• Temporary (agency) work. Specific and short-term tasks may be carried out through an employment agency, which is responsible for paying your salary and employer tax and social security contributions and concluding an agreement with the user company (who you are carrying out the work for). Under certain circumstances you are entitled to a permanent contract with the user company, for instance if the agency agreement ends but the user company still employs you.
  • Seasonal contract. Similar to a fixed-term contract, but with slightly different conditions. It's designed for work of a seasonal nature, such as in agriculture and tourism. It can last up to 10 months and include a renewal clause for the next season. If it includes such a clause and the relationship with the employer lasts for more than two seasons, you are entitled to a permanent contract.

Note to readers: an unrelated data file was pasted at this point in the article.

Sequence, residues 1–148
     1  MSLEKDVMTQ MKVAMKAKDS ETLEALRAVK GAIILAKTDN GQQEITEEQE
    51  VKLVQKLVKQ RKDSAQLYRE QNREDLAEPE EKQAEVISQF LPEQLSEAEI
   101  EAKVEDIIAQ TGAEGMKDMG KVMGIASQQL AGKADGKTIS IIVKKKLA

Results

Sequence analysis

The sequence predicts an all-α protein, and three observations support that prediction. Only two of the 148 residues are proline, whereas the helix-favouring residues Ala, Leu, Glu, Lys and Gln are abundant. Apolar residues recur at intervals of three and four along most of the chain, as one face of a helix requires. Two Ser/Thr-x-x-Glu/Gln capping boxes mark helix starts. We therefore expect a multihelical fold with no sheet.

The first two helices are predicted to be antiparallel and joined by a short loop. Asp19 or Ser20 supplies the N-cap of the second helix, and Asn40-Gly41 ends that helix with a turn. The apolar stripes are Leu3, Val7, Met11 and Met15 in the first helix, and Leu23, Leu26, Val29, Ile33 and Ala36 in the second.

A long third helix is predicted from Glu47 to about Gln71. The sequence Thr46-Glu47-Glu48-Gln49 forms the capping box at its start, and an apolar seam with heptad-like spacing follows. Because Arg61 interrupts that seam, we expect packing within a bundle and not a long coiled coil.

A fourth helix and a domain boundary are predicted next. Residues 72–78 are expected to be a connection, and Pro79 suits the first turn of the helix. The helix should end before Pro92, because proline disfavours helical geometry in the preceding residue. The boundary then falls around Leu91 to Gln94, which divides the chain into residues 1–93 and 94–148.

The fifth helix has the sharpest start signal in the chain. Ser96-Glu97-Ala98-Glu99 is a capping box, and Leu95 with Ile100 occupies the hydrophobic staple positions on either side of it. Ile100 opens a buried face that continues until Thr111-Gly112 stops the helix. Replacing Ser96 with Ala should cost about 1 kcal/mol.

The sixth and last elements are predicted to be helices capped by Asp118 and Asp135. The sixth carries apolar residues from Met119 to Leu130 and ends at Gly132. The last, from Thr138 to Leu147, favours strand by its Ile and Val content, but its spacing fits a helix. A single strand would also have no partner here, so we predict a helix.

• Apprenticeship contract. For teenage (initial) or adult apprenticeships. Such a contract must specify the terms of the apprenticeship, including the nature of formal (school-based) and practical (work-based) learning.

Further information

The Employment Development Agency (ADEM) has an overview of employment contracts, holidays, working hours and termination on their website.

For detailed guidance, check the relevant pages on Guichet.lu.

For specialised advice on your specific situation, it's worth contacting your trade union, employees' association, or professional chamber.